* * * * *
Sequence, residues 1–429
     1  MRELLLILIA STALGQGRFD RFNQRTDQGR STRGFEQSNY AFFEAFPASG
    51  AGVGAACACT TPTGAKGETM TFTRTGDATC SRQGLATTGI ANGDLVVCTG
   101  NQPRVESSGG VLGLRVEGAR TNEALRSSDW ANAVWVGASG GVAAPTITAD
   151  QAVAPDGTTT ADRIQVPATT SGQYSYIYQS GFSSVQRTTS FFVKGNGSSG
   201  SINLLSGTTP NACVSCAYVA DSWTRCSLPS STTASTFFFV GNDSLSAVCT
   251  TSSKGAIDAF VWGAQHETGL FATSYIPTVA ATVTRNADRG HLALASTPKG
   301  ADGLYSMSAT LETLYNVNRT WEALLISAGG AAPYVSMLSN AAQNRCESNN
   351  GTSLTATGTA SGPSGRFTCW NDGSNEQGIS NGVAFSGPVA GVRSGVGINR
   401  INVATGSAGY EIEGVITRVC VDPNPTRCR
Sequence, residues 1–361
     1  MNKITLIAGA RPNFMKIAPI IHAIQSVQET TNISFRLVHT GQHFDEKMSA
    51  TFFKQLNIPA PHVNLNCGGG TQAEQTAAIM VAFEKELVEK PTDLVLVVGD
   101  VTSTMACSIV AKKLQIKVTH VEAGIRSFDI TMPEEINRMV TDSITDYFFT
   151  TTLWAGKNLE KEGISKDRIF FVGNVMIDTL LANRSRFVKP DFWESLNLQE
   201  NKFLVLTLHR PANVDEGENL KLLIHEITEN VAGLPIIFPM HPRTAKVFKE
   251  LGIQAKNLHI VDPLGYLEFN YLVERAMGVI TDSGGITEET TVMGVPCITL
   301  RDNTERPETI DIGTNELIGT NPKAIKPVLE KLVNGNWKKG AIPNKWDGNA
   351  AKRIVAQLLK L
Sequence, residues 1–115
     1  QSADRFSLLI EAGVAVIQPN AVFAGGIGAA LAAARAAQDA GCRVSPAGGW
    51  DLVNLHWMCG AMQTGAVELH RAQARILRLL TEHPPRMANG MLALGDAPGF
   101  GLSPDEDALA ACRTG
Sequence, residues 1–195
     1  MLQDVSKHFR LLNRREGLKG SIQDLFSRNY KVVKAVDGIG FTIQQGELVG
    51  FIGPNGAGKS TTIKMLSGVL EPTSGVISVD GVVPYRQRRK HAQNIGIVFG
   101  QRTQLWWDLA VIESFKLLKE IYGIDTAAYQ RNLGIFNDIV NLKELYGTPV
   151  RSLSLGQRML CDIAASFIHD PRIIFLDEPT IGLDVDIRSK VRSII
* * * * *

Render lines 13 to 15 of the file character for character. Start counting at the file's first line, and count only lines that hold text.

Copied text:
    51  TFFKQLNIPA PHVNLNCGGG TQAEQTAAIM VAFEKELVEK PTDLVLVVGD
   101  VTSTMACSIV AKKLQIKVTH VEAGIRSFDI TMPEEINRMV TDSITDYFFT
   151  TTLWAGKNLE KEGISKDRIF FVGNVMIDTL LANRSRFVKP DFWESLNLQE